Wood Stork (Mycteria americana): The project site is within the Core Foraging Area of the Pumpkin Hill, Cedar Point Road, and Jacksonville Zoo Wood Stork colonies. Therefore, this species could utilize the project site. However, the work proposed would affect less than 0.5 acre of suitable foraging habitat. In consideration of this information, the Corps utilized The Corps of Engineers, Jacksonville District, U.S. Fish and Wildlife Service, Jacksonville Ecological Services Field Office and State of Florida Effect Determination Key for the Wood Stork in Central and North Peninsular Florida, September 2008, to determine potential effects upon this species. Use of this key resulted in the sequence A-B-C-may affect, not likely to adversely affect.
The Corps executed a Resources At Risk (RAR) report. The RAR did not indicate that the site is utilized by, or contains habitat critical to, any other federally listed threatened or endangered species. The Corps also reviewed geospatial data and other available information. The Corps has not received or discovered any information that the project site is utilized by, or contains habitat critical to, any other federally listed threatened or endangered species.
ESSENTIAL FISH HABITAT (EFH): This notice initiates consultation with the National Marine Fisheries Service on EFH as required by the Magnuson-Stevens Fishery Conservation and Management Act 1996. The project site is contiguous to an estuarine ecosystem; however, the work proposed would not affect estuarine nor marine habitat or EFH. Therefore, our initial determination is that the proposed action would not have a substantial adverse impact on EFH or federally managed fisheries in the St. Johns River. Our final determination relative to project impacts and the need for mitigation measures is subject to review by and coordination with the National Marine Fisheries Service.
NOTE: This public notice is being issued based on information furnished by the applicant. This information has not been verified or evaluated to ensure compliance with laws and regulation governing the regulatory program. However, Corps personnel have verified the proposed delineation of wetlands encompassed by the project site.
AUTHORIZATION FROM OTHER AGENCIES: Water Quality Certification may be required from the Florida Department of Environmental Protection and/or one of the state Water Management Districts.
COMMENTS regarding the potential authorization of the work proposed should be submitted in writing to the attention of the District Engineer through the Jacksonville Permits Section, Post Office Box 4970, Jacksonville, Florida 32232 within 21 days from the date of this notice.
The decision whether to issue or deny this permit application will be based on the information received from this public notice and the evaluation of the probable impact to the associated wetlands. This is based on an analysis of the applicant's avoidance and minimization efforts for the project, as well as the compensatory mitigation proposed.
QUESTIONS concerning this application should be directed to the project manager, Mark R. Evans, in writing at the Jacksonville Permits Section, Post Office Box 4970, Jacksonville, Florida 32232; by electronic mail at firstname.lastname@example.org; by facsimile transmission at (904)232-1940; or, by telephone at (904)232-2028.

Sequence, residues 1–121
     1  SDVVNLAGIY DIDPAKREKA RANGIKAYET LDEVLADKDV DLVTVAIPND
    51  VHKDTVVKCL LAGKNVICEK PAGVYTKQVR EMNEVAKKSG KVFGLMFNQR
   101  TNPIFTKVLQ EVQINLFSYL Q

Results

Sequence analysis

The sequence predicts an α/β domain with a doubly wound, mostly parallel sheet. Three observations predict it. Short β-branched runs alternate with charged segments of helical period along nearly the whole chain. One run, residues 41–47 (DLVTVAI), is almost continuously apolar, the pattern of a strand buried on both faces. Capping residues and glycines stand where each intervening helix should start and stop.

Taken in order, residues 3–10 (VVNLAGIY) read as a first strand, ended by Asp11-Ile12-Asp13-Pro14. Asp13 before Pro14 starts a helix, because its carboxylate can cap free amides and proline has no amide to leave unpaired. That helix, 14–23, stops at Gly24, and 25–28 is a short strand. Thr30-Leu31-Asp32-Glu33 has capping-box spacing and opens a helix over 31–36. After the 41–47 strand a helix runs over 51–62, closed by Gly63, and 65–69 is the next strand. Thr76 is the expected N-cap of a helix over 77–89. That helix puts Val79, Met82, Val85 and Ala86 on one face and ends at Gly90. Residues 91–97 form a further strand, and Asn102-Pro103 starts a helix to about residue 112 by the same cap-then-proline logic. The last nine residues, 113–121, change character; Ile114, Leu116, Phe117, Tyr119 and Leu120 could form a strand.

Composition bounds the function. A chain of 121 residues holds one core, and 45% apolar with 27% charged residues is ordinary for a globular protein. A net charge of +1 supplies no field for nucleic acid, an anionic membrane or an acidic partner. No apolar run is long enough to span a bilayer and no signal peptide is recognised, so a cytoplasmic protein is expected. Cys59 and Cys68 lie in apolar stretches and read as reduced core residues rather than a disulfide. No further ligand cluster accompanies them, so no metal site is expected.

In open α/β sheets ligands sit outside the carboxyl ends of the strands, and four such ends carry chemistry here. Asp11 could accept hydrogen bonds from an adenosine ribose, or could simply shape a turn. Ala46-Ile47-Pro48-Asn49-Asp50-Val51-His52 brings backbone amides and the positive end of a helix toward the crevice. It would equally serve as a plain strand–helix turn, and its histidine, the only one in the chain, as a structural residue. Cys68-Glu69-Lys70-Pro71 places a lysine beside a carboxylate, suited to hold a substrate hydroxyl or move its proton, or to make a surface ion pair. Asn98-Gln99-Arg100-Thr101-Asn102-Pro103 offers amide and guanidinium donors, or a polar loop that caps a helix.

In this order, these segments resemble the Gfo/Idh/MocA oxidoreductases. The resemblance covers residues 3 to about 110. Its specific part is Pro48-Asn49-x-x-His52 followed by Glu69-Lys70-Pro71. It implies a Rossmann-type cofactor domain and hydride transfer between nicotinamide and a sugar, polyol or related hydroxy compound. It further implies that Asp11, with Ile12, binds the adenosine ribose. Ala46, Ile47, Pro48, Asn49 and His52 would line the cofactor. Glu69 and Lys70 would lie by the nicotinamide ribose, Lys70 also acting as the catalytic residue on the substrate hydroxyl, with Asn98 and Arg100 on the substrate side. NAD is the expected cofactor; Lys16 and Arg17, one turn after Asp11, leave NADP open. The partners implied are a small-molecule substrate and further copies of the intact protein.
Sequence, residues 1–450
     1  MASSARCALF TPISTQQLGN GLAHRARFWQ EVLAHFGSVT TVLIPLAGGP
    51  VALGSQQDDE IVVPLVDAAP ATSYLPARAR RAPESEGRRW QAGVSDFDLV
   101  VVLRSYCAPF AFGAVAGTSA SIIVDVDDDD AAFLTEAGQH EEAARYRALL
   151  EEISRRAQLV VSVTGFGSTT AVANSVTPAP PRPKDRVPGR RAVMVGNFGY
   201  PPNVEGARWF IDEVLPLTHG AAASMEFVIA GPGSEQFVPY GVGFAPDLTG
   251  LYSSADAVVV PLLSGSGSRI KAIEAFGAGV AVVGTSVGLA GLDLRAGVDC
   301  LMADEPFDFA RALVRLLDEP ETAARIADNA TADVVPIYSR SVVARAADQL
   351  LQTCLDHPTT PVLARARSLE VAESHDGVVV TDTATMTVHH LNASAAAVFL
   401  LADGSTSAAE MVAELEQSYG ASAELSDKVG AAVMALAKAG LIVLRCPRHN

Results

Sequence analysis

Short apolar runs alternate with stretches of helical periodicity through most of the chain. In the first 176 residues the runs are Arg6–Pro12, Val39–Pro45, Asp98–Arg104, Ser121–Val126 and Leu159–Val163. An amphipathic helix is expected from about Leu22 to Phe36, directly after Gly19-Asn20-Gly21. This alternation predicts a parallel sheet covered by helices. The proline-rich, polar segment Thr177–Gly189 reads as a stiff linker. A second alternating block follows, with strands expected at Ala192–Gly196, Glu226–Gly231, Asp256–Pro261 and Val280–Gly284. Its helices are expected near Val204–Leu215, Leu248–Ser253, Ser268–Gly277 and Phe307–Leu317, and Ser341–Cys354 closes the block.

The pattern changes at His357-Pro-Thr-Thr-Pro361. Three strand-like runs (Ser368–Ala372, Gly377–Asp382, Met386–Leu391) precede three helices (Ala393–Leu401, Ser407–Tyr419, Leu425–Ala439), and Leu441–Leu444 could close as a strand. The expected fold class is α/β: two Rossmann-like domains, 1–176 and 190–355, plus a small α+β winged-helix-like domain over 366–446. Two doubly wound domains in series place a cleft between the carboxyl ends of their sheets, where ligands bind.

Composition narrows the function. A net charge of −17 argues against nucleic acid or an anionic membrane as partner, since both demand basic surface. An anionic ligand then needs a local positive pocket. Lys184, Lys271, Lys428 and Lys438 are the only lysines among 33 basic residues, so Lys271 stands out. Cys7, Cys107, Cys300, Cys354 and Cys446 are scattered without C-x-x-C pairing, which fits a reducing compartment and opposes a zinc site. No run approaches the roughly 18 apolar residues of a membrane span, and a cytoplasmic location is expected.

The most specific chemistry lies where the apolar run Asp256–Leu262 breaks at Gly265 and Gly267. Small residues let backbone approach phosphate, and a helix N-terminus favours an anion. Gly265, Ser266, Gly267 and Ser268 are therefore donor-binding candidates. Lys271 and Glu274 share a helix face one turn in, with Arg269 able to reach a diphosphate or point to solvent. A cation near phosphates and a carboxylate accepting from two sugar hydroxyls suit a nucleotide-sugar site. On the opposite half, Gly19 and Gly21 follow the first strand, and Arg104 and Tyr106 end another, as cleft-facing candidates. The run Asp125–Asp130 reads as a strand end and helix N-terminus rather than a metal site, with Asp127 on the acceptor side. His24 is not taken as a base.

IMPACT ON NATURAL RESOURCES: Coordination with U.S. Fish and Wildlife Service, Environmental Protection Agency (EPA), the National Marine Fisheries Services, and other Federal, State, and local agencies, environmental groups, and concerned citizens generally yields pertinent environmental information that is instrumental in determining the impact the proposed action will have on the natural resources of the area.
EVALUATION: The decision whether to issue a permit will be based on an evaluation of the probable impact including cumulative impacts of the proposed activity on the public interest. That decision will reflect the national concern for both protection and utilization of important resources. The benefits, which reasonably may be expected to accrue from the proposal, must be balanced against its reasonably foreseeable detriments. All factors which may be relevant to the proposal will be considered including cumulative impacts thereof; among these are conservation, economics, esthetics, general environmental concerns, wetlands, historical properties, fish and wildlife values, flood hazards, floodplain values, land use, navigation, shoreline erosion and accretion, recreation, water supply and conservation, water quality, energy needs, safety, food, and fiber production, mineral needs, considerations of property ownership, and in general, the needs and welfare of the people. Evaluation of the impact of the activity on the public interest will also include application of the guidelines promulgated by the Administrator, EPA, under authority of Section 404(b) of the Clean Water Act or the criteria established under authority of Section 102(a) of the Marine Protection Research and Sanctuaries Act of 1972. A permit will be granted unless its issuance is found to be contrary to the public interest.
The US Army Corps of Engineers (Corps) is soliciting comments from the public; Federal, State, and local agencies and officials; Indian Tribes; and other Interested parties in order to consider and evaluate the impacts of this proposed activity. Any comments received will be considered by the Corps to determine whether to issue, modify, condition, or deny a permit for this proposal. To make this determination, comments are used to assess impacts to endangered species, historic properties, water quality, general environmental effects, and the other public interest factors listed above. Comments are also used to determine the need for a public hearing and to determine the overall public interest of the proposed activity.
COASTAL ZONE MANAGEMENT CONSISTENCY: In Florida, the State approval constitutes compliance with the approved Coastal Zone Management Plan. In Puerto Rico, a Coastal Zone Management Consistency Concurrence is required from the Puerto Rico Planning Board. In the Virgin Islands, the Department of Planning and Natural Resources permit constitutes compliance with the Coastal Zone Management Plan.
REQUEST FOR PUBLIC HEARING: Any person may request a public hearing. The request must be submitted in writing to the District Engineer within the designated comment period of the notice and must state the specific reasons for requesting the public hearing.